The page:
“One other thing,” said the old shepherd as he stepped up to the young father. “The angel told us…that this child was going to be… the Savior, Christ the Lord.”

The young father looked down at his wife with amazement. “We, too, have been told some strange things about this child,” he said simply. He was tired, but his smile brightened.

By now, the shepherds were all kneeling by or bending over the manger, gazing in rapt wonder at this baby, who was glancing around trying to focus his gaze on all the new faces that peered down at him. “This is our Savior?” said one of the men questioningly.

“Well,” replied the old shepherd with a smile. “It takes time to grow a Savior, apparently. But I believe that the Blessed One will introduce Him to everyone in Israel, not only just a few of us, in due season.” He smiled widely at the baby and tenderly touched his soft cheek with the crook of his sun-leathered finger, then continued.

“Men, it is indeed a miracle that the angel came and told us of this child’s birth! We’re just a bunch of filthy, rough and seasoned old shepherds. No one likes to see us or smell us coming. And yet we were privileged and blessed to be informed of the birth of our Messiah. We have truly seen and heard remarkable things tonight. It is now time to let this young couple get some sleep and some privacy.”

Reluctantly, the men stood up, still gazing at the baby, who by now was yawning and closing his eyes. He looked like such an ordinary baby. And his parents looked like such ordinary young parents. The old shepherd thought, they were poor, too–they apparently did not get here in time to be able to acquire a room for the night, and they could only afford strips of swaddling cloth for their newborn. He felt sorry for them as he contemplated their poor lot.

Just then, the young man stopped the shepherds as they were turning to leave and made a surprising revelation.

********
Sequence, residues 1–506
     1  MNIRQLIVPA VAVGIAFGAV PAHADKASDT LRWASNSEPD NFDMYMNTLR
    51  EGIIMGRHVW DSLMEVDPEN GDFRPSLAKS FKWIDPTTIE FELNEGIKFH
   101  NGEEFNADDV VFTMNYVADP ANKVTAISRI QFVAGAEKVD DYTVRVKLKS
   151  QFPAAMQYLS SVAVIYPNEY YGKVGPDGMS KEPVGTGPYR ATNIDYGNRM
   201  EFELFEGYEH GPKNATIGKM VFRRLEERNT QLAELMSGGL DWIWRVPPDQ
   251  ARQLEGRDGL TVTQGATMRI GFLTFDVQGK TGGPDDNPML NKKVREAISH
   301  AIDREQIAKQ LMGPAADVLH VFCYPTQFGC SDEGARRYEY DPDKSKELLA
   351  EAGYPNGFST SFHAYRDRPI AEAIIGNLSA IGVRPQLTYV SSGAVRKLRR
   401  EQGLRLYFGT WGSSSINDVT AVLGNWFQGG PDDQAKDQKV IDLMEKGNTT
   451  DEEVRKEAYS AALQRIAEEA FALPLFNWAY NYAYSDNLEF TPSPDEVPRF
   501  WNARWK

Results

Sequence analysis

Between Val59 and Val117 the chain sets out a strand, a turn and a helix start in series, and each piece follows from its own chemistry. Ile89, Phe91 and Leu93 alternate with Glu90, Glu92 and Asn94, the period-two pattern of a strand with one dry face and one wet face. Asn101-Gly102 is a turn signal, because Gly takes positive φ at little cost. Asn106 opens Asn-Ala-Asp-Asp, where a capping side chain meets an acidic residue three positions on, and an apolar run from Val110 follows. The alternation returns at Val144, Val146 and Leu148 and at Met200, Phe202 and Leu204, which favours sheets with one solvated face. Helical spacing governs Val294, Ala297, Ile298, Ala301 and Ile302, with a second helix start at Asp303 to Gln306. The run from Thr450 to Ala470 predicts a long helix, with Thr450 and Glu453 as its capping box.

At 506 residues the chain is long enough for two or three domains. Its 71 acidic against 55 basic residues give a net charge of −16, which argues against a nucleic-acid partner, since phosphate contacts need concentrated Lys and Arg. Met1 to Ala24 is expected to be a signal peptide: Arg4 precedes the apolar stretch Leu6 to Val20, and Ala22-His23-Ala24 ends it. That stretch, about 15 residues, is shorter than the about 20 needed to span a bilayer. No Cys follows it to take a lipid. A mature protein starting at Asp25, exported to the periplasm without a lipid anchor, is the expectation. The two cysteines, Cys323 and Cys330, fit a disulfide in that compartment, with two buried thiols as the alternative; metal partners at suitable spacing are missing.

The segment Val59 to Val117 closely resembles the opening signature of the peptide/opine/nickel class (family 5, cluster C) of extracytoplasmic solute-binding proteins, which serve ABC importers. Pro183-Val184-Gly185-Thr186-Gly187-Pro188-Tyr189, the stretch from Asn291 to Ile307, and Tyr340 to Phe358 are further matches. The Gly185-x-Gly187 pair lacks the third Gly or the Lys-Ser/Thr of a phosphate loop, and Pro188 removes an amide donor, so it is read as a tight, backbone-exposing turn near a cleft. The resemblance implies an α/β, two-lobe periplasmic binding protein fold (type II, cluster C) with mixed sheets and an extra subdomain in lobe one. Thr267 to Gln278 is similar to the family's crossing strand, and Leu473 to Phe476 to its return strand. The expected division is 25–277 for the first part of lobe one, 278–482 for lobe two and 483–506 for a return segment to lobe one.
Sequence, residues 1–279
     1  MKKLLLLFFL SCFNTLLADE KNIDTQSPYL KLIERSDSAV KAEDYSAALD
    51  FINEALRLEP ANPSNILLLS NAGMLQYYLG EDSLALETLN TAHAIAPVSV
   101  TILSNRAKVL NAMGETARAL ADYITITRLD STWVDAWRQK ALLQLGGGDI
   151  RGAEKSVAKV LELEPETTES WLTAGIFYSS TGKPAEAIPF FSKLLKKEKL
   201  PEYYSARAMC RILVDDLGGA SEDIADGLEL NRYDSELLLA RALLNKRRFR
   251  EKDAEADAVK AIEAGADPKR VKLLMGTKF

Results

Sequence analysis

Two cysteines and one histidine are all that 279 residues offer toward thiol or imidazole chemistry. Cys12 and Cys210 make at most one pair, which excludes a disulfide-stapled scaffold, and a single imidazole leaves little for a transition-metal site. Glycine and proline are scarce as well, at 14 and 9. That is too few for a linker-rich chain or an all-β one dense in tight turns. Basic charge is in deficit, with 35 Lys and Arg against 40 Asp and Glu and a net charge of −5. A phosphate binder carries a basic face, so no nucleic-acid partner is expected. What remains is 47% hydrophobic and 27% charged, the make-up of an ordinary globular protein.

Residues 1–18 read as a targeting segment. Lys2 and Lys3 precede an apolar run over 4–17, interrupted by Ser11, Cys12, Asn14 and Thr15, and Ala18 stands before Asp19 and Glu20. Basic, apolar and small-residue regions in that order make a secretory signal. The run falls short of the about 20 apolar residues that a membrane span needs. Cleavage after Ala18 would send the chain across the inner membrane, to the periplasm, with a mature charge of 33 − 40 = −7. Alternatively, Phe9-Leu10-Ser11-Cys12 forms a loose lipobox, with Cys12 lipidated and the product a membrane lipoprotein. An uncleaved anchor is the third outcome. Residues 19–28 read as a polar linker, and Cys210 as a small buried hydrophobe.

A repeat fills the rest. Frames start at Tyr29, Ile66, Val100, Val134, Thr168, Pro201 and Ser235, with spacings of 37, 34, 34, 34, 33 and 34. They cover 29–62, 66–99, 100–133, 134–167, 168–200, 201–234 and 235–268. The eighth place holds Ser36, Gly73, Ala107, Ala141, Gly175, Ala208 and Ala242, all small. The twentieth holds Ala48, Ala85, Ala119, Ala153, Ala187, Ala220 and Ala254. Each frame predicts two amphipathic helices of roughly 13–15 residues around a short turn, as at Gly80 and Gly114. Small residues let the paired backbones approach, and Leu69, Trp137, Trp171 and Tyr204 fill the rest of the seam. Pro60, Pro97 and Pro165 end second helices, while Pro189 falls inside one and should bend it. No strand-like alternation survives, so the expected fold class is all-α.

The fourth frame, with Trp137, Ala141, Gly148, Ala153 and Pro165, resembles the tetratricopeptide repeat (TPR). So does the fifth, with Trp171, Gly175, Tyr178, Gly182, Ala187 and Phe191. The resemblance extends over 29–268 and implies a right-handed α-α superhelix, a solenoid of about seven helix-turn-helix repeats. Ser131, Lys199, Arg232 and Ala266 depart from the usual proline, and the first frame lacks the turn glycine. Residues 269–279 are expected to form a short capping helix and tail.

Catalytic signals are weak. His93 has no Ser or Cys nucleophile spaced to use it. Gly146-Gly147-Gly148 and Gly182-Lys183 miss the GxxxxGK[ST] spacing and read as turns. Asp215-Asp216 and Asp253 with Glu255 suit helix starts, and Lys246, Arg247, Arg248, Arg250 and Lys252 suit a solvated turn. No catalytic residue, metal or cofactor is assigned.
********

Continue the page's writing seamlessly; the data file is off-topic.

“My wife and I… well… we want to thank you for stopping by to see us.” The men stopped and looked at each other, then at him, and he continued.

“You see, the Lord told us both individually that my wife was to be the mother of the Messiah. When Mary went into labor tonight and we were not able to find a place to stay, I was afraid that I was not doing the right thing. I prayed, “Lord, my wife is about to go into labor, she is about to bring the Messiah into the world out on the streets! What do I do?’ I was humiliated that my wife was being forced into this cave to have a baby, and that, without a midwife. When you arrived telling us that an angel had directed you to seek us out here and you found us, it confirmed the word of the Lord to us. And it helped me to trust in Lord our provider and to stop being anxious. Thank you again. Now we would like to share our stories with you, in turn.”

The shepherds learned that the newborn’s earthly father’s name was Joseph ben Jacob and his wife was Mary, the daughter of Heli. They listened with fascination as Joseph and Mary shared the amazing journey they had embarked on 9 months ago. They all praised the Lord for His mercy in showing them this tiny portion of His plan for salvation. They encouraged and strengthened one another in the Lord. Then they parted, rejoicing.

As they were leaving town that night and throughout the rest of their lives, these shepherds stopped anyone who would listen and told them about the incredible events they had witnessed those few hours. Though their testimony would never be upheld in the official courts, their testimony in the community grew like a raging wild fire. Ever watchful of prying Roman eyes and ears, the undercurrent of Messianic expectancy once again rose to the heavens as they talked excitedly in hushed tones about this strange news. The news never died down. And everyone wondered what would happen next.


Once again, God had chosen the foolish things of this world to be unlikely ambassadors for the very best news that has ever been told. That comforts a foolish one like me! —


An excerpt from what I hope will be my first book, a holiday devotional for women to be published called One Starry Night.